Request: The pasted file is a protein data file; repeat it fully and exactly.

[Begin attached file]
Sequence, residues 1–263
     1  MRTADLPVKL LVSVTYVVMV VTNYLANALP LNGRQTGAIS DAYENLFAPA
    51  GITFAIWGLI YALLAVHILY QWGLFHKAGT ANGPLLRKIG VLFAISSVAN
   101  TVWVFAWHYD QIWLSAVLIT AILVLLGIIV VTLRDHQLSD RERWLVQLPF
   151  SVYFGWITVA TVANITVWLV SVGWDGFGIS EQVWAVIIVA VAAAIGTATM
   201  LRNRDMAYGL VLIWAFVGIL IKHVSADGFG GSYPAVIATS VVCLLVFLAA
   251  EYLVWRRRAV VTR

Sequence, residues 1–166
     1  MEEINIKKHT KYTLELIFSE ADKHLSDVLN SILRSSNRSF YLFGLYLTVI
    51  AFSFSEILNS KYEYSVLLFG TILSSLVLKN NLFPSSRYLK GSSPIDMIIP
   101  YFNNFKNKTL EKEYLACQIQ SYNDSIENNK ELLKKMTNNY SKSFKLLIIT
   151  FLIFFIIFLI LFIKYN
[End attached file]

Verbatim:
Sequence, residues 1–263
     1  MRTADLPVKL LVSVTYVVMV VTNYLANALP LNGRQTGAIS DAYENLFAPA
    51  GITFAIWGLI YALLAVHILY QWGLFHKAGT ANGPLLRKIG VLFAISSVAN
   101  TVWVFAWHYD QIWLSAVLIT AILVLLGIIV VTLRDHQLSD RERWLVQLPF
   151  SVYFGWITVA TVANITVWLV SVGWDGFGIS EQVWAVIIVA VAAAIGTATM
   201  LRNRDMAYGL VLIWAFVGIL IKHVSADGFG GSYPAVIATS VVCLLVFLAA
   251  EYLVWRRRAV VTR

Sequence, residues 1–166
     1  MEEINIKKHT KYTLELIFSE ADKHLSDVLN SILRSSNRSF YLFGLYLTVI
    51  AFSFSEILNS KYEYSVLLFG TILSSLVLKN NLFPSSRYLK GSSPIDMIIP
   101  YFNNFKNKTL EKEYLACQIQ SYNDSIENNK ELLKKMTNNY SKSFKLLIIT
   151  FLIFFIIFLI LFIKYN